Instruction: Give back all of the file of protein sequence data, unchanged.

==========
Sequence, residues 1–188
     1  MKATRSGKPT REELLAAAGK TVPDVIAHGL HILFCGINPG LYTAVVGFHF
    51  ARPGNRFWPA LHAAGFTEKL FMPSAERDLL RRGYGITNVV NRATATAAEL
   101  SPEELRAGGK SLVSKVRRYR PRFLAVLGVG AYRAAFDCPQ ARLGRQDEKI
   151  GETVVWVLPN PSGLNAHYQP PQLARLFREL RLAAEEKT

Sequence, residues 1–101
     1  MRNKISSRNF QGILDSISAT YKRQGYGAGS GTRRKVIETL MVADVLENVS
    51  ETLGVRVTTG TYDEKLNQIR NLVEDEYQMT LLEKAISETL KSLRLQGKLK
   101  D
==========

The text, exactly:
Sequence, residues 1–188
     1  MKATRSGKPT REELLAAAGK TVPDVIAHGL HILFCGINPG LYTAVVGFHF
    51  ARPGNRFWPA LHAAGFTEKL FMPSAERDLL RRGYGITNVV NRATATAAEL
   101  SPEELRAGGK SLVSKVRRYR PRFLAVLGVG AYRAAFDCPQ ARLGRQDEKI
   151  GETVVWVLPN PSGLNAHYQP PQLARLFREL RLAAEEKT

Sequence, residues 1–101
     1  MRNKISSRNF QGILDSISAT YKRQGYGAGS GTRRKVIETL MVADVLENVS
    51  ETLGVRVTTG TYDEKLNQIR NLVEDEYQMT LLEKAISETL KSLRLQGKLK
   101  D